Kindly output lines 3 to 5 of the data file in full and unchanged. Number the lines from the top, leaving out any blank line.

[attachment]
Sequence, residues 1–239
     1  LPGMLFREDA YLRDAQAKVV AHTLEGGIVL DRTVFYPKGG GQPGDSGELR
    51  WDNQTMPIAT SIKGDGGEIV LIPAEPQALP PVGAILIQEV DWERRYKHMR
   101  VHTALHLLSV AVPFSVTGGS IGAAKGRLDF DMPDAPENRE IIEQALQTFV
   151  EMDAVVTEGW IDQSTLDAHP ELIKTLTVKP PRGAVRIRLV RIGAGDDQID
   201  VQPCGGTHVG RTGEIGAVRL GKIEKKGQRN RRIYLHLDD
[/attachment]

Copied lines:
    51  WDNQTMPIAT SIKGDGGEIV LIPAEPQALP PVGAILIQEV DWERRYKHMR
   101  VHTALHLLSV AVPFSVTGGS IGAAKGRLDF DMPDAPENRE IIEQALQTFV
   151  EMDAVVTEGW IDQSTLDAHP ELIKTLTVKP PRGAVRIRLV RIGAGDDQID